Do you speak English?
I ask this question all the time nowadays. Mostly when calling parents. Of course, they say no, so I tell them “Hablo poquito espanol” (I speak a little Spanish) and try to get my point across in my limited Spanish. And “poquito” typically means nothing as these parents start talking 50 miles a minute in the low-context, high-anxiety situation of talking on the phone in another language. Phew!
All that said, I have communicated more with parents this year than I have in a long time. Many of the parents come to school for events or for picking up children, so I have gotten to put faces with names in a lot of cases, and I actually feel like I am making friends with a few of the parents.
Tonight we had an ice cream social at my school, and I spent the entire time talking (in Spanish) to parents! Some comments I heard:
I’ve been here nine years and still can’t speak much English. I want to take English classes, but I work all day, and then I have the children at night.
I don’t speak or read much English, but I want to help my child. How can I help him succeed in school?
I didn’t like my ELL classes when I was in school, but it is important for my son to be in ELL so he can learn English.
How is my child doing in school?
Many of these parents truly care about their kids’ education but feel unable to help them with English. I also think parents feel like they can’t communicate with their kids’ teachers. It’s good that I’m here now to help with that, and I feel very good about my roles at my new school. (I think I’ve realized that I’m an elementary teacher at heart, too.)
Nevertheless, my Spanish is still sub-par. Part of the problem is that Spanish has so many verb endings while English only has one: add s for the singular third person. So whenever I’m speaking Spanish, in my head I’m envisioning all the conjugations I did back in high school! Two columns, one for singular and one for plural:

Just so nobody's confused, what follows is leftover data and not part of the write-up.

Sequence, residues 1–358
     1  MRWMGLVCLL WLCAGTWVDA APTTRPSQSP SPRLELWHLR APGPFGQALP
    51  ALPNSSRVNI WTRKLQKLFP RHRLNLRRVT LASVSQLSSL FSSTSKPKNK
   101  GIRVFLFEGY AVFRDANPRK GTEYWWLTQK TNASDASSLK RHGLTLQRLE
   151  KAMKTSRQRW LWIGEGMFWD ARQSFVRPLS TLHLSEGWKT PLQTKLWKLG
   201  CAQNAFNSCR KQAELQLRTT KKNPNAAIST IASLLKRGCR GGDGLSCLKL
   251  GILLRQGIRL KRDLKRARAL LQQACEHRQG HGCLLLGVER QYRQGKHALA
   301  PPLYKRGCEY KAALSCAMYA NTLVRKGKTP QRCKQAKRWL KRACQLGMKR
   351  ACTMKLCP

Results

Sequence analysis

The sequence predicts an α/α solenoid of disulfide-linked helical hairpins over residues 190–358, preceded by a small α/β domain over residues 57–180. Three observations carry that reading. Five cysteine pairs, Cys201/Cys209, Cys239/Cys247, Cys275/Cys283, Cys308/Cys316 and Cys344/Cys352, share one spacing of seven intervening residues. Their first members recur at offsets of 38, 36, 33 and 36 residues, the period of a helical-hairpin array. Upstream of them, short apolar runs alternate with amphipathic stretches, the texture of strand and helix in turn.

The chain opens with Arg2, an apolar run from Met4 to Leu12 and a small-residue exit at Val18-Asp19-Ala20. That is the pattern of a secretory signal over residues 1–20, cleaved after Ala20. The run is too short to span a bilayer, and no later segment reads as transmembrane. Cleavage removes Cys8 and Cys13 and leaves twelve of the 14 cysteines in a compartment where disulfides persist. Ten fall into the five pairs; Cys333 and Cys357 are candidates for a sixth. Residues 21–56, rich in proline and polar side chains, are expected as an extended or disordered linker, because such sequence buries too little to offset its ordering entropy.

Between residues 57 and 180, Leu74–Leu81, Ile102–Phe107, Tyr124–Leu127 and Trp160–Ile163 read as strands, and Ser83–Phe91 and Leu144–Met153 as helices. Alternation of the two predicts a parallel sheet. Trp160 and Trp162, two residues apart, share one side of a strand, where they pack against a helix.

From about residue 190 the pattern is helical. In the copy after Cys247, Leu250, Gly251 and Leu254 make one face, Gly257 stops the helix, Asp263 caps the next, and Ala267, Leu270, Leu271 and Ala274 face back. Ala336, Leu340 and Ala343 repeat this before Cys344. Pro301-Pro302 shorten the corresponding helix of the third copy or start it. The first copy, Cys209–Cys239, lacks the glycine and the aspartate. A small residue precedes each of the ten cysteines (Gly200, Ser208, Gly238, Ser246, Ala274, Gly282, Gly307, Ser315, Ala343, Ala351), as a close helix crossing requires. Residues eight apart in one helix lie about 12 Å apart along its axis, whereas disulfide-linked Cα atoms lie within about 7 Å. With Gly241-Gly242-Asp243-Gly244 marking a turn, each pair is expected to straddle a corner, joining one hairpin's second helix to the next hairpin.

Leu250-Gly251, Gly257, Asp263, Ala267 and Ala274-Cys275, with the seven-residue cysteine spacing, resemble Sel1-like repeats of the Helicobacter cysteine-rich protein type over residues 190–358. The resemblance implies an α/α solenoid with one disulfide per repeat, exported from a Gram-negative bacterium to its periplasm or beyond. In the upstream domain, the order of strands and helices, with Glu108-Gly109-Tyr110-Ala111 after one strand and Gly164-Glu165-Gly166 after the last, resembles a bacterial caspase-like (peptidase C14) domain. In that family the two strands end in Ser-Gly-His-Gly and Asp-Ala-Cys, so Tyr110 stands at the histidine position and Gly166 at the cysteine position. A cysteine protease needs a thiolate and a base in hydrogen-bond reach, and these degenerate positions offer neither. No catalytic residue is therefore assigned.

Yo hablo (I speak) Nosotros hablamos (we speak)
Tu hablas (You speak) Vosotros hablais (Plural you speak)
El/Ella habla (He/she speaks) Ellos/Ellas hablan (They speak)
And that’s just present tense! Past, present, etc, have their own conjugations! I think a trip to the bookstore for a Spanish tutorial book is in order!
I also wish that there were better ways for immigrants to learn English. The government wants them to learn English and most Americans want them to learn English. However, most of them have to start jobs right when they get here, and if there are children involved, there may be no time to take classes or even no money for classes. I applaud churches and community organizations that offer free or inexpensive English classes. But that’s not enough.
I once had a dream of opening a center for immigrants that would offer English classes, homework help for students, acculturation classes, job placement services, and relocation/housing services for immigrants. This center would also offer custom English classes to businesses in the community that employ high numbers of immigrants. In addition, this center would offer other language classes to Americans as well as having multicultural events/celebrations for the community in order to build bridges between Americans and immigrants. Maybe one day . . .